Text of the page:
So if you’re a boater, how does this apply to you?  First, the rules apply to all *vessels. This means every description of watercraft used or capable of being used as a means of transportation on the water. Best way to understand this is by what is not considered a vessel. These are pool toys or swimming aids such as air mattresses, inner tubes, inflatable flamingos, etc. Rafts, canoes, kayaks, sailboards, kiteboards and stand up paddle boards are considered vessels. Regardless of your choice of vessel, it is incumbent on all vessel operators to prevent collisions.  Continually being aware of your surroundings plays a key role in preventing collisions. Taking immediate and positive action to prevent a collision is the first step.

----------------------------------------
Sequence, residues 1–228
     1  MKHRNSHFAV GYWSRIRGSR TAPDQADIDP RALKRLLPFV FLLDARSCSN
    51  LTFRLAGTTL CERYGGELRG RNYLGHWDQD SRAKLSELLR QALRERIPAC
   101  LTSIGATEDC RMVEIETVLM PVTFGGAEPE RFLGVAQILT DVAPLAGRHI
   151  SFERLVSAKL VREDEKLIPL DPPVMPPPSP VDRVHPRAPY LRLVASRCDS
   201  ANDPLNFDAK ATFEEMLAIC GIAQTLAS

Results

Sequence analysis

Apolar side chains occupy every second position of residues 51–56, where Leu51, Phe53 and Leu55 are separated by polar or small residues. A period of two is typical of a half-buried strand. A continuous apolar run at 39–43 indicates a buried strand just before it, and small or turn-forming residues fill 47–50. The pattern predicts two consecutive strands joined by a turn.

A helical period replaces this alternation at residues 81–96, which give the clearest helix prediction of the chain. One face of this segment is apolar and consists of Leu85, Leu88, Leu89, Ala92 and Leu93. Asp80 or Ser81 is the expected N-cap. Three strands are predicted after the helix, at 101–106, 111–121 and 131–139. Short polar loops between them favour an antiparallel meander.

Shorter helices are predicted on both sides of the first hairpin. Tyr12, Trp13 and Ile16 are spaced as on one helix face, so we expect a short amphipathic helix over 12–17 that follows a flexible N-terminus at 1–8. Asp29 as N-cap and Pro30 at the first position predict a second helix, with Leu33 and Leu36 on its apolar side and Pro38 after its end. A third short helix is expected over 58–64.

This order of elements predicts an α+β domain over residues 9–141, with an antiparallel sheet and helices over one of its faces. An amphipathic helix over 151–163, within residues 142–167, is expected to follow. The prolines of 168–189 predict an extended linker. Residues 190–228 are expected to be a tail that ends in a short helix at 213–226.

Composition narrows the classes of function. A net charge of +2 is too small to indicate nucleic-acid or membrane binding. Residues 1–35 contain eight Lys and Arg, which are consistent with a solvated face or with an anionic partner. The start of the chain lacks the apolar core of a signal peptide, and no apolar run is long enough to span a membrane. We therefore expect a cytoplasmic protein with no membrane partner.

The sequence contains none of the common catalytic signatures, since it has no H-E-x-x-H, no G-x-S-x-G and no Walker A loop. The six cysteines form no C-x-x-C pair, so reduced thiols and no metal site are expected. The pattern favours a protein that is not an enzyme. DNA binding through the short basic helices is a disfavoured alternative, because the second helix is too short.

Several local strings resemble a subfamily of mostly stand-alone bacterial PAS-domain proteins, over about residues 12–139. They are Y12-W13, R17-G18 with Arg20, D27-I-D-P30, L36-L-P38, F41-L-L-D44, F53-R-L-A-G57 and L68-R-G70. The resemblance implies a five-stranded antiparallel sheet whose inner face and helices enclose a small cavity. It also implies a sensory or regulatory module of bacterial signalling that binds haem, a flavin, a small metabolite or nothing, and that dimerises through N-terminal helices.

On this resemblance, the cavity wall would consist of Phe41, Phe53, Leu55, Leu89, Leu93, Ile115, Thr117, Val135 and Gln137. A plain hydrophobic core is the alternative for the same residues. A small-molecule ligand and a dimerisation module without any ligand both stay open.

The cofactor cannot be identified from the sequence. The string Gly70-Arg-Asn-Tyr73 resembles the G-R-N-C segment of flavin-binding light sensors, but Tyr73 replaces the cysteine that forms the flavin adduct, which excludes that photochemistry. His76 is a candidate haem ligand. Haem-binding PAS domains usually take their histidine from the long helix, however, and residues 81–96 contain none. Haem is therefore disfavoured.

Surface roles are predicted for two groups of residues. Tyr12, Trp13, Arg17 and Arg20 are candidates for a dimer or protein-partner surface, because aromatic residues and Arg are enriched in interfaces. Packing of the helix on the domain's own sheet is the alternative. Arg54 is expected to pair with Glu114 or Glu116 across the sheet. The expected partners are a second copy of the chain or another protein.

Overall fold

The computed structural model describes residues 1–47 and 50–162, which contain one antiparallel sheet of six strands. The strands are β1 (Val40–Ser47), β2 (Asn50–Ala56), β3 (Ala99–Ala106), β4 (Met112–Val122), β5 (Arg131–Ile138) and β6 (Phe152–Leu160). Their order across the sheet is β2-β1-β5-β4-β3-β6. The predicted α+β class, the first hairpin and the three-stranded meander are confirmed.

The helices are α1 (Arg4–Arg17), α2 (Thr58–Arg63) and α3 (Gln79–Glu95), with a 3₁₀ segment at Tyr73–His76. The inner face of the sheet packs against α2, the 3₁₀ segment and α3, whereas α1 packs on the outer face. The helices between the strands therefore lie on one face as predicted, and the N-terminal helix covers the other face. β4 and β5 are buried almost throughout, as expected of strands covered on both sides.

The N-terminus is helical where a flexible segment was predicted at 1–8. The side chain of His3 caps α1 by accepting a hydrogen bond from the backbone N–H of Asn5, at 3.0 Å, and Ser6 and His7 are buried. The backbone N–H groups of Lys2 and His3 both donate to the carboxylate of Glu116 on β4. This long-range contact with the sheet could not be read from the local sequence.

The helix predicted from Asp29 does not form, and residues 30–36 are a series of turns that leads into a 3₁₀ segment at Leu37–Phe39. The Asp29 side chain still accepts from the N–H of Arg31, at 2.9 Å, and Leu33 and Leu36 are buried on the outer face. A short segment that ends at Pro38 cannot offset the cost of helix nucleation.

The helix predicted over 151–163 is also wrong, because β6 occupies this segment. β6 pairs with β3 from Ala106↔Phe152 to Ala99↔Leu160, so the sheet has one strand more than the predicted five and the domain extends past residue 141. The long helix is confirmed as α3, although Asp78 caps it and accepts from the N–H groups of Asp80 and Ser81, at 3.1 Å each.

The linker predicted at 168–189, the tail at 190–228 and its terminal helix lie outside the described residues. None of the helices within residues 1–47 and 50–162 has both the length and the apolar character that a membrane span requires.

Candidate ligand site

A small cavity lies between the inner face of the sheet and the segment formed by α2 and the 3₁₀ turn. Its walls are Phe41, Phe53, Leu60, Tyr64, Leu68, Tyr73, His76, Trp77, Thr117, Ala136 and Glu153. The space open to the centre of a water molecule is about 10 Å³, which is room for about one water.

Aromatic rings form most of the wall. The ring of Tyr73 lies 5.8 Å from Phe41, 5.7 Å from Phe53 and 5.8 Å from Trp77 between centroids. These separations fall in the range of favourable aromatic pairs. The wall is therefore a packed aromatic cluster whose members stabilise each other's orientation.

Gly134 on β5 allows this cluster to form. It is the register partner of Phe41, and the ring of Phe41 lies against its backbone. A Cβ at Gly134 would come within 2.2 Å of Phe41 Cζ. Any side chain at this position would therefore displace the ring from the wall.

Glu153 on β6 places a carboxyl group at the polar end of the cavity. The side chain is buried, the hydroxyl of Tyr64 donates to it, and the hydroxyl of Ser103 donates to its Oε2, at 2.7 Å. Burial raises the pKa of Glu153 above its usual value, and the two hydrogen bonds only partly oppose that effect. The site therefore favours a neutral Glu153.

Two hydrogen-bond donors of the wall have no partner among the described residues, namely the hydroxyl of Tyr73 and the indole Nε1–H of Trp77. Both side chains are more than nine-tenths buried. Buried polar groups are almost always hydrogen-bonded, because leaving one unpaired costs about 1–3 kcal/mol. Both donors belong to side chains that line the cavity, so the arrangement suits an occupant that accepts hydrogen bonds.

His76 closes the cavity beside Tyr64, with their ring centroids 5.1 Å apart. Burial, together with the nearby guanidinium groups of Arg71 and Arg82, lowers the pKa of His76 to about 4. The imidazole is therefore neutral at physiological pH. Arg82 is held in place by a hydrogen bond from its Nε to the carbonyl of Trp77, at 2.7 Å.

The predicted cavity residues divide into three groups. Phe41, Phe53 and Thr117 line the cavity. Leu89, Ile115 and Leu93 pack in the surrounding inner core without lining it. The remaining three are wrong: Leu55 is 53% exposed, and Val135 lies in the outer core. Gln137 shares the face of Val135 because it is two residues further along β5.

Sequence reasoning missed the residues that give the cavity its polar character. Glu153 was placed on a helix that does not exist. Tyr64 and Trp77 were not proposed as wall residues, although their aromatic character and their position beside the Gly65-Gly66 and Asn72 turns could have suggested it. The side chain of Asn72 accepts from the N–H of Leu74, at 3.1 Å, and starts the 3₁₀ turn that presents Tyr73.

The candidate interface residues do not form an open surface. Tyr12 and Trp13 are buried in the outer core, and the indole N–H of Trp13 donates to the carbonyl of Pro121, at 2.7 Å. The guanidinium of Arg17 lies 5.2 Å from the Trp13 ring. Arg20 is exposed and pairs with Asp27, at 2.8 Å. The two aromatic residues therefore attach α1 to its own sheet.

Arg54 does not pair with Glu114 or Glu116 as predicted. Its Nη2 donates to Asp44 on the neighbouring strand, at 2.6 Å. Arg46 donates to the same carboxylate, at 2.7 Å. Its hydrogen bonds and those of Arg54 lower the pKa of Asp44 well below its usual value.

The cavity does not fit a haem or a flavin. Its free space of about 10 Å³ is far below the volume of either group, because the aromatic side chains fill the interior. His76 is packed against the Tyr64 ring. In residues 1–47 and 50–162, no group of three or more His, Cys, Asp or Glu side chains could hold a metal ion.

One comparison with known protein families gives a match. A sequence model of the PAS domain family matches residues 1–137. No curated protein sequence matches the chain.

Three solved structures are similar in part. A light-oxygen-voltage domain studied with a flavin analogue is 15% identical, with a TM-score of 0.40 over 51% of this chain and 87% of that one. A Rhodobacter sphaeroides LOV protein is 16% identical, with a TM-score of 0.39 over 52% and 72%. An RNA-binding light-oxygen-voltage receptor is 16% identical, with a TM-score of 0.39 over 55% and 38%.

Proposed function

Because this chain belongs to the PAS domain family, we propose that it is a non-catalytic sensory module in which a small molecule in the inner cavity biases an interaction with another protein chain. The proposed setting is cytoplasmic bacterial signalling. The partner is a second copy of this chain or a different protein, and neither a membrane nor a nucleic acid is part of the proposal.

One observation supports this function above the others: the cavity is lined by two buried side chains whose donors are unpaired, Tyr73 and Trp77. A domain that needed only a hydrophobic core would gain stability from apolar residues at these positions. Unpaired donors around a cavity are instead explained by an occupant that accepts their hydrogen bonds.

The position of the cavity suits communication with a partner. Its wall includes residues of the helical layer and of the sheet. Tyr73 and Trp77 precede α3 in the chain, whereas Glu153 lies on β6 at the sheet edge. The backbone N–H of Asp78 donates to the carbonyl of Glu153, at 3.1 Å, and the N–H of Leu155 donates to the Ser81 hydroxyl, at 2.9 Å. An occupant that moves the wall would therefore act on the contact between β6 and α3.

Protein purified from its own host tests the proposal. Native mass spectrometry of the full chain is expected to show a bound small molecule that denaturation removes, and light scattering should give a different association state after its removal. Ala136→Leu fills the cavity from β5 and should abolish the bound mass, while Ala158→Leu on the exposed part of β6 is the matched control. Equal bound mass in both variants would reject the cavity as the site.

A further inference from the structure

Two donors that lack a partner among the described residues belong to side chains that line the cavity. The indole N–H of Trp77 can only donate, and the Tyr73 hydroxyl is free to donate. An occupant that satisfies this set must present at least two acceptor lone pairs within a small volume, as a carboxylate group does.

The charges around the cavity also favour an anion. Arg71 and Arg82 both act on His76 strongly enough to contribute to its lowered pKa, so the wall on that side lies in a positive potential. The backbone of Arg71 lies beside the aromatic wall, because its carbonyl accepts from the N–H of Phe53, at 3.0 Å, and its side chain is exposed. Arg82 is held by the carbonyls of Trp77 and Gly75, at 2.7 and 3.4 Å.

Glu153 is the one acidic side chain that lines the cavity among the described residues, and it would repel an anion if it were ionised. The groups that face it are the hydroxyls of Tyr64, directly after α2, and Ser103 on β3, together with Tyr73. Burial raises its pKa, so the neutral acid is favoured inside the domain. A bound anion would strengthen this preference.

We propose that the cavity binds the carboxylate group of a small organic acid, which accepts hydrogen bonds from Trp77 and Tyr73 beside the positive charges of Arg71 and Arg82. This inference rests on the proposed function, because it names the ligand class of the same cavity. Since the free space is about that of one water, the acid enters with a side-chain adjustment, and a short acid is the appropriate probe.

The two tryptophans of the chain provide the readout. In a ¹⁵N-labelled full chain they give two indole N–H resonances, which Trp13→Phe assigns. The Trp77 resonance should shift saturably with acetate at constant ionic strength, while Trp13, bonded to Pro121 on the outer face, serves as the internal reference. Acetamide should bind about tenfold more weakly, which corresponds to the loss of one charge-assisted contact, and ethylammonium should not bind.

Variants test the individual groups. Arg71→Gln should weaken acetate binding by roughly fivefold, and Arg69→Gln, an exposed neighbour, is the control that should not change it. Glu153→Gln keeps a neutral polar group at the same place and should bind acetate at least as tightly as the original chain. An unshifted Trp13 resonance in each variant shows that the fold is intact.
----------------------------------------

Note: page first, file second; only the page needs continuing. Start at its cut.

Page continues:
“Every vessel shall use all available means appropriate to the prevailing conditions to determine if the risk of collision exists. If there is any doubt such risk shall exist.”  One of the mistakes most people make is assuming what the other boater may or may not do.  This is a dangerous guessing game and hesitation costs you time.  If there is any doubt a risk of collision exists, you must take early and positive action to avoid the collision. So how do you know if a risk of collision actually exists? We first need to understand the “principle of relative motion.” Relative motion is the motion of an object with regard to some other moving object. We subconsciously use this principle every day. You’re driving down the road or walking down a street. You see a car or person heading your direction. You notice that their position relative to yours is not changing and they are getting closer. You automatically know that if something does not change you’re going to collide. You can either slow down, speed up or turn and slow down to let them pass in front of you. In the boating world, this is called “constant bearing decreasing range.” This is when the risk of collision exists.